January 5, 2001
PCB Study Stays Neutral on Dredging Plan
By KIRK JOHNSON
Yields Ghosts of Hudson River's Past (Jan. 3, 2001)
Gives Its Plan on Hudson River PCB's, but a Fight Lies Ahead (Dec.
PCB's Could Be a Cure Worse Than the Disease, G.E. Insists (Dec. 7,
to Order $490 Million River Cleanup by G.E.(Dec. 6, 2000)
Hudson, Cleanup Idea Stirs Emotions (Dec. 2, 2000)
War Over PCB's in Hudson, the E.P.A. Nears Its Rubicon (June 5, 2000)
• The Natural
World: The Environment
Over the Cleanup (June 5, 2000)
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• EPA Announces Its
Preferred Cleanup Plan
Sample Sources on the Hudson
The New York Times
long-awaited study released yesterday
by the National Academy of Sciences about PCB pollution and the various
strategies for cleaning it up does not endorse a plan by the federal Environmental
Protection Agency to dredge the Hudson River.
But neither does it reject the proposal.
The study's summary — the full text will not be issued for several months
— goes out of its way to say that it will provide no final answers to a
question that has become a high-stakes issue among competing political,
economic and environmental interests in New York: what is to be done with
"Many readers expect this report to recommend remediation options,"
the report says. "However, the committee strongly believes that making
such recommendations is not appropriate" because the study focused on how
to make cleanup decisions in general rather than on any specific case.
But in the politicized debate over the river that has erupted since
the E.P.A. announced its nearly half-billion-dollar dredging plan in December,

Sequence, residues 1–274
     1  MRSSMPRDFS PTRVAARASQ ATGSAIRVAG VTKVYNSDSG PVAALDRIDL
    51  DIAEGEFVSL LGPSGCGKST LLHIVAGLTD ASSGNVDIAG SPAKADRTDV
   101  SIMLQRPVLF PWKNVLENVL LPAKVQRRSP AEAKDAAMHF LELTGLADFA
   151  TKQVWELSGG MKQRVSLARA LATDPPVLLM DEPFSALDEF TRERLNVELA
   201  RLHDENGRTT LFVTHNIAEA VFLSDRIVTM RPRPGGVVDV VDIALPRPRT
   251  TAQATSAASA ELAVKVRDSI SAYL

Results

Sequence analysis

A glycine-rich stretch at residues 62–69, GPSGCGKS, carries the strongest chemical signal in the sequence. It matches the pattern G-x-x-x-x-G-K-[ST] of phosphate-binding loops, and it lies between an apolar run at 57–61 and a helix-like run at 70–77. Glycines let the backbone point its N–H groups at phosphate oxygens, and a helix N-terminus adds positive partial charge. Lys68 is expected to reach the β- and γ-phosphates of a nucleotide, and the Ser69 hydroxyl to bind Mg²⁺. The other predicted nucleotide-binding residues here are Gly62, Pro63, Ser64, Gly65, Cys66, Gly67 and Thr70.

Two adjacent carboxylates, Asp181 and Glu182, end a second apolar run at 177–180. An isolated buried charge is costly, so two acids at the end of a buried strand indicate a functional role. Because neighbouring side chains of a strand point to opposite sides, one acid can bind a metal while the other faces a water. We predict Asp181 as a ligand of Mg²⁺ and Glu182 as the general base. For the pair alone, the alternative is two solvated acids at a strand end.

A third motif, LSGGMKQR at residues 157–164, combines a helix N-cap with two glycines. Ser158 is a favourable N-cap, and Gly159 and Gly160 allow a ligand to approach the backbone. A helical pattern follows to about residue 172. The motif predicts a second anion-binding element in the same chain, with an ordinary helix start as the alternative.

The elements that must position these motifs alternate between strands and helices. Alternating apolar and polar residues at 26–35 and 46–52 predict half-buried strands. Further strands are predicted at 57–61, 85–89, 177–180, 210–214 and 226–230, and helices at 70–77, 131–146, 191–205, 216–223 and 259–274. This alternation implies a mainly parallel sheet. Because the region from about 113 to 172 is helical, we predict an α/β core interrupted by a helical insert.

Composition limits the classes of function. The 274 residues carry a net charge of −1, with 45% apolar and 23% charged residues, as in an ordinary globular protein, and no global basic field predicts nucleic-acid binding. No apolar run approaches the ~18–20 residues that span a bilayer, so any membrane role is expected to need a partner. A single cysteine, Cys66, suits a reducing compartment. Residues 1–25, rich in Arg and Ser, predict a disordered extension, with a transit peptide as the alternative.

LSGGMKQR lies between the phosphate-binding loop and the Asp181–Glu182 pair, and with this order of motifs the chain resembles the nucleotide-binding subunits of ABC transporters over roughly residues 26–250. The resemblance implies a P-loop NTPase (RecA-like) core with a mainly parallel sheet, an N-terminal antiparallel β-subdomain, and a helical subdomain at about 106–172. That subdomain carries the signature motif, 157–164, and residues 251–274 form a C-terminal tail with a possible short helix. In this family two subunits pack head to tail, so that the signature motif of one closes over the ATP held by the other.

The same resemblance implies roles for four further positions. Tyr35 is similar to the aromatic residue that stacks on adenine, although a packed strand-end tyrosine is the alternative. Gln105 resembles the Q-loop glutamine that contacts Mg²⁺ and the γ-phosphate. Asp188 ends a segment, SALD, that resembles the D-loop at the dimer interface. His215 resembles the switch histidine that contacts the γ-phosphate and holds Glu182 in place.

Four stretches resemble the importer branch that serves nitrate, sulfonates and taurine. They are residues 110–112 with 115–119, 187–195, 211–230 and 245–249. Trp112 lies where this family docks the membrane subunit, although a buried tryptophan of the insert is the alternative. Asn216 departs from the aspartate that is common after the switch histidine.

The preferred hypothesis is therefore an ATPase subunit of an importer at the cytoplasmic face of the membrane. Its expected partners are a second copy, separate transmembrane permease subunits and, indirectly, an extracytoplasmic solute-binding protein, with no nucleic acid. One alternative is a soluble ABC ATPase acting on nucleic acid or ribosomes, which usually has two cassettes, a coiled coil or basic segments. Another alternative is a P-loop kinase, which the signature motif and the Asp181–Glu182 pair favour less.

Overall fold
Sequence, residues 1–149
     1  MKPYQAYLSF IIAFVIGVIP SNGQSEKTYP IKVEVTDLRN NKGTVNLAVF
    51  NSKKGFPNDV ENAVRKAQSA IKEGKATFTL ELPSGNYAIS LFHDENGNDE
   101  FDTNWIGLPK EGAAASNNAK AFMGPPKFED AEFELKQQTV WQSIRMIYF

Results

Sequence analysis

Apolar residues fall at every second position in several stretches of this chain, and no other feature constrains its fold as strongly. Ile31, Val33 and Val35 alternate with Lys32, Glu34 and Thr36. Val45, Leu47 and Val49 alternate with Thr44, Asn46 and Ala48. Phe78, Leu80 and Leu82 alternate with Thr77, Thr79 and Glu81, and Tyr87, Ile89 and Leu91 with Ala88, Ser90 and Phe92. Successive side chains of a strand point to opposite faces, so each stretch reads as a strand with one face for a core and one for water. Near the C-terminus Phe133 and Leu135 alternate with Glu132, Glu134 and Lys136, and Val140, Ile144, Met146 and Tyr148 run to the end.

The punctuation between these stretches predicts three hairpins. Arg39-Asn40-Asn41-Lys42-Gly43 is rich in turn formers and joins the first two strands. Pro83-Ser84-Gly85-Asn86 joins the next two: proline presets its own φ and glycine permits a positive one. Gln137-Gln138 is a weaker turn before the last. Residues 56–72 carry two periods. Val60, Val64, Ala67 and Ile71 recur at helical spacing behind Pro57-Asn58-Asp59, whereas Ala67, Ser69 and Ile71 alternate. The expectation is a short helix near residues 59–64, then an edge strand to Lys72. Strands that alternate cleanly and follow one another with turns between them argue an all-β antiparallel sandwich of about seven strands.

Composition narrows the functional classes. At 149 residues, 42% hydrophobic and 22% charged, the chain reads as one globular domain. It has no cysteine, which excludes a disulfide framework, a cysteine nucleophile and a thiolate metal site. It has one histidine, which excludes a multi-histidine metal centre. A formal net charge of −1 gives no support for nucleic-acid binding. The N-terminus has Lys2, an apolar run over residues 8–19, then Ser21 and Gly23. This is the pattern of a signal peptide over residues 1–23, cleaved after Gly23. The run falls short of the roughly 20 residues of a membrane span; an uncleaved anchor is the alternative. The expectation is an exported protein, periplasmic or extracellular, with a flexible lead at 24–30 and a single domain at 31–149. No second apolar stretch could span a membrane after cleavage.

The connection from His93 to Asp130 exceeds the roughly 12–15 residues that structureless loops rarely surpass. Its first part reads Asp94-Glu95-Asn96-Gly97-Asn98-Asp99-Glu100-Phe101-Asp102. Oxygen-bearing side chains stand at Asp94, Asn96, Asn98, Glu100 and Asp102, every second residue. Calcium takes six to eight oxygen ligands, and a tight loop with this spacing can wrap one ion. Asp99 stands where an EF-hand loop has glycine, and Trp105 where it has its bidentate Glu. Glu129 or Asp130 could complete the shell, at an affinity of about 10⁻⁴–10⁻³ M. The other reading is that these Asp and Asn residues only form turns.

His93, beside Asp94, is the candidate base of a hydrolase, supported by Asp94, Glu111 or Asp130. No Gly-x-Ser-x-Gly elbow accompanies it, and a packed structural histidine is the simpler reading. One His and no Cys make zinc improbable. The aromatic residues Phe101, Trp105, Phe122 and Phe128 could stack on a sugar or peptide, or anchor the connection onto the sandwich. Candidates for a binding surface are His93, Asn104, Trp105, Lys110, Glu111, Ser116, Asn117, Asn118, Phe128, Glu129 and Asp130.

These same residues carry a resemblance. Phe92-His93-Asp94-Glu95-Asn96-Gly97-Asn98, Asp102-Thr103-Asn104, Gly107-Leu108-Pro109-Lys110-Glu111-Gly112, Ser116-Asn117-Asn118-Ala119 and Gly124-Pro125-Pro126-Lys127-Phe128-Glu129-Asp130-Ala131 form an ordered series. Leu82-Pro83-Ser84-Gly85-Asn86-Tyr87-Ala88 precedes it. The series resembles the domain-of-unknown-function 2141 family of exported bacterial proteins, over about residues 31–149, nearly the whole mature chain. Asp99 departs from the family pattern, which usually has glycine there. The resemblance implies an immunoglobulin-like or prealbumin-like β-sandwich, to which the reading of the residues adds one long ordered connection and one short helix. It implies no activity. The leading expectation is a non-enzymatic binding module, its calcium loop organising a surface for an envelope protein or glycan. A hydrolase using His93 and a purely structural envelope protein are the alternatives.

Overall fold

even playing the subject down the middle could give both sides new ammunition.
The study flatly states, for example, that PCB's are a dangerous and
potent long-term poison in the environment. That rejects arguments by General
Electric, which discharged the PCB's into river from its factories for
30 years until the mid-1970's, and has contended ever since that the danger
But the study also says that dredging and other so-called active remediation
plans are potentially dangerous, too, because no method or technology can
eliminate the possibility that some dredged-up pollution could leak back
into the water.
That part of the study raises questions about the E.P.A.'s position:
that advances in dredging have all but eliminated the risk that stirred
up PCB's could recontaminate the river or nearby soil where the dredging
is proposed to take place.
PCB's, or polychlorinated biphenyls, were used for decades in the manufacture
of electrical conductors and other insulating products, but the chemicals
— in an oily liquid form that tended to leak through cracks in old cement
factory floors — were also often hard to contain. PCB's were later linked
to cancer in humans and liver damage and other problems in wildlife, and
were banned in 1977.
But by then G.E. had spilled or dumped an estimated 1.1 million pounds
or more of PCB's into the river about 40 miles north of Albany.
The company has spent millions of dollars on its own scientific studies
of the river, and has argued that the PCB's are being naturally buried
by river silt and should be left where they lie.
A spokesman for the E.P.A., Dr. Peter Grevatt, said he believed that
the science academy's careful language about how cleanup decisions should
be made — especially that each polluted site is unique and that generalizations
are hazardous — provided a vindication of what he said was the agency's
careful decision-making process on the Hudson.
"We feel like it provides a mandate for the approach we have taken,"
said Dr. Grevatt, the senior science adviser for the agency's waste cleanup
A spokesman for General Electric, Stephen D. Ramsey, said he thought
the report vindicated G.E.'s position just as thoroughly.
"I would hope that this would cause a fresh breath of common sense and
logic to be infused into this process," Mr. Ramsey said.